Pathophysiology: When RA Decides to Play in the Lung Field

Rheumatoid arthritis (RA) is notorious for wreaking havoc on our joints. But it’s not restricted to just the joints; the pathophysiology can have implications on our lungs too.

Rheumatoid Arthritis and Lung Disease: A Chicken or the Egg Dilemma

Interestingly, the relationship between rheumatoid arthritis and lung disease is rather symbiotic. RA can lead to lung diseases. Conversely, lung disease, particularly interstitial lung diseases, can sometimes predate and even herald the onset of RA. It’s a bit like asking, “Which came first, the chicken or the egg?”

Rheumatoid arthritis and the lungs: The Mystery of Citrullination

Central to this conundrum is the process of citrullination. In our lungs, external agents like smoking or infections can trigger an inflammatory response. This leads to citrullination, where specific proteins in our lung cells are altered. This alteration can, unfortunately, make our immune system recognise these proteins as foreign. And this misrecognition? It prompts the production of anti-citrullinated protein antibodies, heavily implicated in RA. It’s like a classic case of mistaken identity with far-reaching consequences.

RA’s Lung Disease Portfolio

Rheumatoid arthritis has a knack for being linked with various lung conditions:

  1. Bronchiectasis: This involves abnormal widening of the bronchi, leading to mucus build-up and recurrent infections. It’s as if the lung’s airways are overstretched, losing their original elasticity.
  2. Interstitial Lung Diseases: RA can be a pesky trigger for this group of disorders, leading to scarring and thickening of the lung tissue. Imagine a sponge becoming less spongy, making it harder for oxygen to cross into the blood.
  3. Rheumatoid Nodules and Caplan’s Syndrome: These are lumps or nodules formed in the lungs, often seen in people exposed to certain types of dust. Think of them as tiny invaders that occasionally settle in the lung fields.

Treating RA and Its Lung Manifestations: A Balancing Act

Treatment options for rheumatoid arthritis, especially when there’s lung involvement, need meticulous planning.

  1. Immunosuppressants: These are drugs that tame the overactive immune system. While they can control RA and its lung implications, they also decrease the body’s ability to fight off infections, making the lungs more susceptible. It’s a bit like calming down a hyperactive child but risking them becoming too lethargic.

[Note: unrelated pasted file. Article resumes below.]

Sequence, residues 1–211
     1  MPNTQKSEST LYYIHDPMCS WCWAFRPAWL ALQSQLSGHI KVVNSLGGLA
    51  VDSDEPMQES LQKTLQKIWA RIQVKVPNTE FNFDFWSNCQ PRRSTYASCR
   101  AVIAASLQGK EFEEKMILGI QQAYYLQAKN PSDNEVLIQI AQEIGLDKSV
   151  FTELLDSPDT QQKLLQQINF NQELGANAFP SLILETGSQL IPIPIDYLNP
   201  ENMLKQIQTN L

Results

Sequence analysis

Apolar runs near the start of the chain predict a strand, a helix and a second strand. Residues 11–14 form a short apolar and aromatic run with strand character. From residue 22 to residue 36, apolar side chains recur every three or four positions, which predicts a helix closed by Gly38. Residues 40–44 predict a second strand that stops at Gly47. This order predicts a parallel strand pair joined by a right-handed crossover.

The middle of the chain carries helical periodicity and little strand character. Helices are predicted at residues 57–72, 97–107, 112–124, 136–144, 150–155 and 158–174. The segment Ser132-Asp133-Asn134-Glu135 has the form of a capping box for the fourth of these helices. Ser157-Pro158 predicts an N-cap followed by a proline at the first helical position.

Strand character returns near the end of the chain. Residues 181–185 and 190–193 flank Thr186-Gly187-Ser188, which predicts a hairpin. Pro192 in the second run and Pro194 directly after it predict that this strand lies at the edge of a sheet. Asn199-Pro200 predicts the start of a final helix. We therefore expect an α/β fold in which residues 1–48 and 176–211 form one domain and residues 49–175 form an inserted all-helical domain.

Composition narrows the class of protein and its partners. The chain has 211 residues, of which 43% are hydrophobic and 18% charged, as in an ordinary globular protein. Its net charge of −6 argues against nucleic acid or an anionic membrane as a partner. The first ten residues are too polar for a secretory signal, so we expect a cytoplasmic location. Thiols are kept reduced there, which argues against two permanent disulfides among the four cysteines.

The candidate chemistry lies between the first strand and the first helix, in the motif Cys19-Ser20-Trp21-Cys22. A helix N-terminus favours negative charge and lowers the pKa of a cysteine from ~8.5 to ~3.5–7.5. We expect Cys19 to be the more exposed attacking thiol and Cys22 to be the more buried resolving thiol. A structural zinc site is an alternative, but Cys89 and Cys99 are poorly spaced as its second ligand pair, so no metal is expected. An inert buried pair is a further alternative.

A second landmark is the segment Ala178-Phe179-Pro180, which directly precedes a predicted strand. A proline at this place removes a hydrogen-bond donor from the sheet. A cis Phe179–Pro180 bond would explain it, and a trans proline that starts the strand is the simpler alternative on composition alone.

2. Biological Therapies: These modern treatments specifically target the immune system components causing RA. While they’re often brilliant at their job, they can again raise the risk of infections, particularly in the lungs.

Pulmonologists and Rheumatologists: The Dynamic Duo

Given the complex interplay between rheumatoid arthritis and the lungs, it’s imperative for pulmonologists and rheumatologists to work hand-in-glove. Their combined expertise ensures that the joint and lung manifestations of RA are managed holistically. Think of them as Batman and Robin, both vital and complementing each other perfectly.


The realm of rheumatoid arthritis and the lung is vast and intricate. As science continues to unravel the complexities, understanding the multifaceted relationship between RA, lung disease, and their treatments becomes increasingly crucial.

Staying informed, consulting experts, and proactive management are our best allies. Look after your joint and lung health, and we hope that you keep breathing easy while staying nimble.


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Disclaimer: The information provided in this article is for informational purposes only and is not a substitute for professional personalised medical advice, diagnosis, or treatment. Always seek the advice of your healthcare provider with any questions you may have regarding a medical condition or treatment

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